Harrar promised that sometime next year, Comcast will remedy that problem with full-text searching of programs, where, as in a Google search box, you can type in the keywords you are looking for — such as those in a title — and matches are displayed on-screen.

He also said Comcast will keep growing interest in VOD services by adding more high-definition programs, doubling from roughly 200 shows now to 400 by the end of next year and 800 by the end of 2009. And “dynamic” insertion of ads will begin to replace the preroll ads locked into shows at this point.

That “dynamic” insertion will allow ads to be targeted to a viewer's particular interests or behaviors. It will also allow viewership of each individual commercial to be tracked, when it is “demanded.”


Online video rivals also have a leg up on VOD services in being able to quickly collect viewer feedback. NBC can find out what viewers think — as well as their age, income and education level — through pop-up windows after the viewing of a show like Heroes or Friday Night Lights on a computer screen.

Good feedback is much harder to get in the cable equivalent of on-demand programming, Scheppach noted. Operators can't just throw up an on-screen survey. And finding the right person to call right after the on-demand show ends is not easy.

In effect, cable operators have a tough time charging a premium for VOD advertising because solid recall studies have not been completed. “Without solid research, the product doesn't spark,” she said. “It peters out.”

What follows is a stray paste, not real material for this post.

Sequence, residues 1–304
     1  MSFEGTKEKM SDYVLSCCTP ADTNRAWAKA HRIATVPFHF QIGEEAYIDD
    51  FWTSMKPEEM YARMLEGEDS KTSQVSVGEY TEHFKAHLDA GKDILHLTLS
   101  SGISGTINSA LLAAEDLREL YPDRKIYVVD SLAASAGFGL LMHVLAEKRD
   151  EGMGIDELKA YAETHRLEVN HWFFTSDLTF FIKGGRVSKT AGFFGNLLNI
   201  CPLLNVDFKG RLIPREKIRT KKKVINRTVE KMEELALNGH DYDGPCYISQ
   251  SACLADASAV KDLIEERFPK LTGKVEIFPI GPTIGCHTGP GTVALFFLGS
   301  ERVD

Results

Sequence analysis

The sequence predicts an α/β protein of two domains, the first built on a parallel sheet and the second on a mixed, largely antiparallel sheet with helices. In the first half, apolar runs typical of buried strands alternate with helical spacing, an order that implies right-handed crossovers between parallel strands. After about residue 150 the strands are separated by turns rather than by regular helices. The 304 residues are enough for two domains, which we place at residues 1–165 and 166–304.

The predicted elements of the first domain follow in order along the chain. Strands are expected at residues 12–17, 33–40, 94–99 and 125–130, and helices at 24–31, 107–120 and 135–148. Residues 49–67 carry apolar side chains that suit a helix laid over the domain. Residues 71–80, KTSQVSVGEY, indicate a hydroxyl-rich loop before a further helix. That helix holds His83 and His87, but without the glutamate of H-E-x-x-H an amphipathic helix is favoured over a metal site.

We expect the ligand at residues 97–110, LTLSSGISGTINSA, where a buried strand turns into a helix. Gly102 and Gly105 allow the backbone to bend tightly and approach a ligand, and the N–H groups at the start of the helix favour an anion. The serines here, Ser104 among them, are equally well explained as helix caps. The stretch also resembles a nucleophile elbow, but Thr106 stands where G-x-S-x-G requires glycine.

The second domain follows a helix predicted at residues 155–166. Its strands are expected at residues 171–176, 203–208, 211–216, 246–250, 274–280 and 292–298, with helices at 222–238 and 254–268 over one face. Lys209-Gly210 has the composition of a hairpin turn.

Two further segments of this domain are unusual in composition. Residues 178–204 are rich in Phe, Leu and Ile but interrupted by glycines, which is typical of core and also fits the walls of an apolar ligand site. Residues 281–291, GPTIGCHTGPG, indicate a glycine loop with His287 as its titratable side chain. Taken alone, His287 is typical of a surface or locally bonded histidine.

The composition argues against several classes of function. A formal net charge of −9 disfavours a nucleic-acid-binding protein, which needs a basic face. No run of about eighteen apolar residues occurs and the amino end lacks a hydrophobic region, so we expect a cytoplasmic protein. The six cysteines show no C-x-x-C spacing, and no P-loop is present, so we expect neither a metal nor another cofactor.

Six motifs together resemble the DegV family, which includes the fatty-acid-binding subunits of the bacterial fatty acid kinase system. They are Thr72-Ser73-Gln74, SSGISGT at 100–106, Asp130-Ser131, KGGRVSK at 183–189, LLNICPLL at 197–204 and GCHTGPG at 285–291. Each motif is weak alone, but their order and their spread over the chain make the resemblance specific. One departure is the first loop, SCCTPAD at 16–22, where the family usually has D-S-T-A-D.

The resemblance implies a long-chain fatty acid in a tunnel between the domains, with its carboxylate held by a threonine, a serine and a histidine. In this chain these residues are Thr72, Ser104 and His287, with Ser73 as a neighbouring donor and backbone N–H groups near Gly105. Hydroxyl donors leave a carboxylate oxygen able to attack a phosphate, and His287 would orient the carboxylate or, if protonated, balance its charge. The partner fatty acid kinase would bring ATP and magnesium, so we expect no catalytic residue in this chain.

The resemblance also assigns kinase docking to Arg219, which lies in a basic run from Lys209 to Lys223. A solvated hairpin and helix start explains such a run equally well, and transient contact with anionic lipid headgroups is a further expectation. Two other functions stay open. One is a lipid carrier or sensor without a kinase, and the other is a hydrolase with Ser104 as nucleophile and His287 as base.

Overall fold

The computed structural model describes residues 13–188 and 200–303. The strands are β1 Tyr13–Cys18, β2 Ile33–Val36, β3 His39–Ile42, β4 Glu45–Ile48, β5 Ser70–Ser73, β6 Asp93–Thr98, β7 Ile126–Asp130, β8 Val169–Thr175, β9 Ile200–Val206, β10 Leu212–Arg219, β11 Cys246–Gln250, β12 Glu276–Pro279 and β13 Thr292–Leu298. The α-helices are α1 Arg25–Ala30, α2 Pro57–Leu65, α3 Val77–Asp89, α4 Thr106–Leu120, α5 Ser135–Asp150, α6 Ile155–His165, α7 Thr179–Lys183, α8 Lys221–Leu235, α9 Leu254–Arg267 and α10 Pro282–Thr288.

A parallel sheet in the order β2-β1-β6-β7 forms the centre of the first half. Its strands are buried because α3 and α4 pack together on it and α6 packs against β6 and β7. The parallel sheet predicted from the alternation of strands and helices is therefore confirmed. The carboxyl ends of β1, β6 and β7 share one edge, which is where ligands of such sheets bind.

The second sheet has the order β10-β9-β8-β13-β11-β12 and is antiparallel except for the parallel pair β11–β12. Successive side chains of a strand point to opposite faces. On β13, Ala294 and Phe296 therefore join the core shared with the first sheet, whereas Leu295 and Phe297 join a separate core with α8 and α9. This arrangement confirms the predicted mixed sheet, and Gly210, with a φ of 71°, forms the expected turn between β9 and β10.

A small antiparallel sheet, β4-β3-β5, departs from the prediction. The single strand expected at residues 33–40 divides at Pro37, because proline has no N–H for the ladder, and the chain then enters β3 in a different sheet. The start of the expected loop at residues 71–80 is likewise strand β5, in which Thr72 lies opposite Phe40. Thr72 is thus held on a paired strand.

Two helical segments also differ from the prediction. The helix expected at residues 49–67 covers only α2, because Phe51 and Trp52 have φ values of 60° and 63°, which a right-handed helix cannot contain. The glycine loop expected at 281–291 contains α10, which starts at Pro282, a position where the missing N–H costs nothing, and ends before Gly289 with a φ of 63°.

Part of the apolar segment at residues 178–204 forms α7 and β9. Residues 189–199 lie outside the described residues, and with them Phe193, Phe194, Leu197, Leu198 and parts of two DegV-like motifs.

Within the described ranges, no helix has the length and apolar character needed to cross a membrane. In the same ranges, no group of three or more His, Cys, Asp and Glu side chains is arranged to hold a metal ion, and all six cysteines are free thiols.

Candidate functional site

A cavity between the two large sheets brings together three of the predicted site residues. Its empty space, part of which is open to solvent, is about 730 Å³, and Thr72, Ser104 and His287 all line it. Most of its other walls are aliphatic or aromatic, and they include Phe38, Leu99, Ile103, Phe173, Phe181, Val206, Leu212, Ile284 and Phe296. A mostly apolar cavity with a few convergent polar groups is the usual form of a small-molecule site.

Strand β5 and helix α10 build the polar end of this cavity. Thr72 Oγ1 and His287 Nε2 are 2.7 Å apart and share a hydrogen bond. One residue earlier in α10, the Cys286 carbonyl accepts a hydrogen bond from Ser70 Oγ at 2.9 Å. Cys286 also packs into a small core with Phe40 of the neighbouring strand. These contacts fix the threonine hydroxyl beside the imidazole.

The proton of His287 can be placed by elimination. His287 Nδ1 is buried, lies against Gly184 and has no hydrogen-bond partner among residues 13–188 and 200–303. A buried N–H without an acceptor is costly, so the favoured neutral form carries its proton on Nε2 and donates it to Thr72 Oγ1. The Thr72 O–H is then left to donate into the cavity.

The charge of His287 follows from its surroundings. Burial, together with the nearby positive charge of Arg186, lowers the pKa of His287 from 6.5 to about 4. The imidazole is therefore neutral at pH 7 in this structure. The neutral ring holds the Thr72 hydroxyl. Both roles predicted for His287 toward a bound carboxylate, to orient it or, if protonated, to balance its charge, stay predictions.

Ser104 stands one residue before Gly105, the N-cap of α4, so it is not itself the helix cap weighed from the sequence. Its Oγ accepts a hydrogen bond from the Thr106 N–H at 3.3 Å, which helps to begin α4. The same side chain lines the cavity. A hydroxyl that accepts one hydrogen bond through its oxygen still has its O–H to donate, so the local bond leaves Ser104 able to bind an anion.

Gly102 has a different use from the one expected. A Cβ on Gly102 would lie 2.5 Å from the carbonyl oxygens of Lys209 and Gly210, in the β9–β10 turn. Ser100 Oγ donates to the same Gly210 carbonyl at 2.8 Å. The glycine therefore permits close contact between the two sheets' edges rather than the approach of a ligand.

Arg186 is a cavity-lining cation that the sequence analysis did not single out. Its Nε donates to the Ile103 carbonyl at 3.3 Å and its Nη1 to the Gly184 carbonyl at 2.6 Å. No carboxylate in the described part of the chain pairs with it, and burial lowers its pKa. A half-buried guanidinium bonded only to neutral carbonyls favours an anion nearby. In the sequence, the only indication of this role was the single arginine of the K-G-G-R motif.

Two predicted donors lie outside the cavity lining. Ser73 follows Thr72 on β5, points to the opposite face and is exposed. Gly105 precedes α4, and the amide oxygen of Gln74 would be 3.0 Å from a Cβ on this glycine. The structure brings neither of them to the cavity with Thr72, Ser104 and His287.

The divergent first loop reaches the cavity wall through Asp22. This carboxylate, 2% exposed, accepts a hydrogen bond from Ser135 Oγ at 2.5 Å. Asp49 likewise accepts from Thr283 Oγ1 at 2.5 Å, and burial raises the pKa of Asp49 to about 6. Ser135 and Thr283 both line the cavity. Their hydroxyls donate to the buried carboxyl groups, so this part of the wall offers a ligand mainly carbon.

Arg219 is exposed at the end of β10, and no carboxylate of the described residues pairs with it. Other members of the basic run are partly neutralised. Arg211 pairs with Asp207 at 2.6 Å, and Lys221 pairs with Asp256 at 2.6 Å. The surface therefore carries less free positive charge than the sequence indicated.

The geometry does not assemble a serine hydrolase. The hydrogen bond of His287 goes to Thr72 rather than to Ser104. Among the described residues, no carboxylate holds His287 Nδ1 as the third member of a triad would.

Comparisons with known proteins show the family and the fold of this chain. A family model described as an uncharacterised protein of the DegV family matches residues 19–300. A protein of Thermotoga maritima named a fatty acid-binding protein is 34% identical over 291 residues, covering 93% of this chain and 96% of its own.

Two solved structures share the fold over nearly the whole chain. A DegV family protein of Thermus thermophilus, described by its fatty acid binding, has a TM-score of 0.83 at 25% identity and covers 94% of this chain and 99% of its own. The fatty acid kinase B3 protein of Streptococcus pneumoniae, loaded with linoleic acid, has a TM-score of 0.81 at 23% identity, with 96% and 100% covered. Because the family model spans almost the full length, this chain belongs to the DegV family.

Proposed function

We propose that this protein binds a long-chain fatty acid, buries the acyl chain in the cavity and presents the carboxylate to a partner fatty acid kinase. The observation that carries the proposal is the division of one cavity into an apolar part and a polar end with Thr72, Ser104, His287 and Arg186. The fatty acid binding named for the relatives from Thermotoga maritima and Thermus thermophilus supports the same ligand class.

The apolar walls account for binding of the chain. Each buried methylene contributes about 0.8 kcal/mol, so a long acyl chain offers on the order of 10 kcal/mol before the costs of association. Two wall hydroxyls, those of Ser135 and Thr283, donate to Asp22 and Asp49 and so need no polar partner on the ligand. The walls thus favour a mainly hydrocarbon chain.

That — coupled with the fact that 250 million views a month, even if they average a half-hour each, are still a drop in the bucket in overall video viewership — has kept VOD at the starting gate.

“There's no audience. I can't tell what the value of the audience and who the audience really is, and if they even are watching my ad,” she said. “So go back and get some work done. Come back later.''

That doesn't mean VOD can't be a hit. In fact, it's producing big numbers in two areas, according to Starcom: Music videos and kids' programming, as in Time Warner's case.

Just as MTV provided much of the opening burst of enthusiasm for scheduled specialty networks with its round-the-clock videos, the Music Choice service — available in almost all of the 30 million homes now using digital-cable services — now lets music lovers program their own set of round-the-clock videos.

“That's fundamentally it,” said Music Choice CEO David Del Beccaro. “Music video content isn't really available on so-called music networks any more.”

The other big hit: Kids programming, from PBS Kids Sprout, Cartoon Network and Nickelodeon. Kids get to be their own baby sitters, satiating their own interests with on-the-spot repeat plays of favorite programs.

Other negatives will be peeled away, one by one, according to Harrar and Benya.

Time Warner Cable, for instance, will turn around actual usage data overnight; it also will be connecting viewership of on-demand programming to viewership of traditional TV. So if you're watching Heroes on NBC, you can press the “Select” button on remote control and see either earlier shows or start over the current one.

“At this point, I don't think it's experimental,” Benya said of on-demand programming becoming the order of the day, even though it's unscheduled. “I think it's inevitable.”